We’re in the study of Meek’s east London flat. Actually, that’s not quite true. Thanks to Skype, Meek is in London, where he’s lived since 1999 after almost a decade in Kiev and Moscow as a foreign correspondent for the Guardian. I’m in Edinburgh, where he also lived throughout the 1980s as a student and then a reporter at The Scotsman. That was until he decided, on a whim, to drive alone from Edinburgh to Kiev in the summer before the collapse of the Soviet Union. He had never lived in a foreign country, couldn’t speak Russian, and had no job.
“It all worked out very well,” he says cheerfully. “I changed $100 at the border and got this giant stack of roubles that lasted me for months. It was a very rich time for reflection. I travelled a lot, met interesting people, learnt Russian, watched the Union dying. There was no English language TV and the internet hadn’t got going. It was just me and my books and they were like jewels.”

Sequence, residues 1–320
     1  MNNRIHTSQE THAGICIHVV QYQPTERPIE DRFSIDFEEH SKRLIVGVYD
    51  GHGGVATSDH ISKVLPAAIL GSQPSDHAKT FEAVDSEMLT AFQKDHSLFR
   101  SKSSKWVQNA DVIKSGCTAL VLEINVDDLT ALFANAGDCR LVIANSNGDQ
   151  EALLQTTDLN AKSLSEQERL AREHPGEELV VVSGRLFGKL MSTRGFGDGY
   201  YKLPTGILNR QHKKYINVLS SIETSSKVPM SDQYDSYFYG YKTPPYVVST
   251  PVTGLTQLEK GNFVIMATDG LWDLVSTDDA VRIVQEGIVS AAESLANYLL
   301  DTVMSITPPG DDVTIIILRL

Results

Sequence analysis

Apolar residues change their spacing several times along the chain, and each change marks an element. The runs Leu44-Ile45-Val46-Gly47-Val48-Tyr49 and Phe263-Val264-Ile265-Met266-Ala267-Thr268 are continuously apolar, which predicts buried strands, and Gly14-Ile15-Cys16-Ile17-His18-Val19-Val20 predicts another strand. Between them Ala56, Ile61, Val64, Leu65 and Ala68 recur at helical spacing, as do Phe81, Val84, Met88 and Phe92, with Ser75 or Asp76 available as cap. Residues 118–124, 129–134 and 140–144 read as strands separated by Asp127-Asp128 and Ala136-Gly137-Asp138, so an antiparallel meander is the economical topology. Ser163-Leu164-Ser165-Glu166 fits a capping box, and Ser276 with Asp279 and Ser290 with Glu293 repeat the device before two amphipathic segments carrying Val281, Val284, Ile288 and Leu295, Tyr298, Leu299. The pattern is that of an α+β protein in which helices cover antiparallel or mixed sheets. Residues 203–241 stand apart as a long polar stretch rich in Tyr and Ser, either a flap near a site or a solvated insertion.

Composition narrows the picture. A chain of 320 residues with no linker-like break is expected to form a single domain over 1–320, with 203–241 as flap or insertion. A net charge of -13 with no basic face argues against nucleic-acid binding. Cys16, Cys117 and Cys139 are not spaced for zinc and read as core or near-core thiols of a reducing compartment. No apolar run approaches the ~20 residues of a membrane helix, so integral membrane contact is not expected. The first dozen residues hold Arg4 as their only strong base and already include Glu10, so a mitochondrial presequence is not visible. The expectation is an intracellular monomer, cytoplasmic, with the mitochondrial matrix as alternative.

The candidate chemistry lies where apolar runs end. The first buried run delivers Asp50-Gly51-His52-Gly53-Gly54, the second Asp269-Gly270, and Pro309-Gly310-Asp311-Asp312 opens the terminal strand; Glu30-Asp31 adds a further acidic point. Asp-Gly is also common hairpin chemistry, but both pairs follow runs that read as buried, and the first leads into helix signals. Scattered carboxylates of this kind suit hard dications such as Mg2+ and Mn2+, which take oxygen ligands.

Like his characters, who are often rootless and always in pursuit of something they can’t quite find (usually love), Meek is a wanderer. He is a citizen of the world, perhaps even a nowhere man. His accent yields no clues as to his Dundee upbringing. His face, with its intense and sometimes lofty expression, gives little away. And he is very eloquent, which makes him a master of subterfuge. You can ask Meek a question and be so charmed by the long, lean, and lyrical answer that you only later realise that he hasn’t really revealed anything about himself at all. This is probably what makes him a brilliant journalist and a confounding interviewee.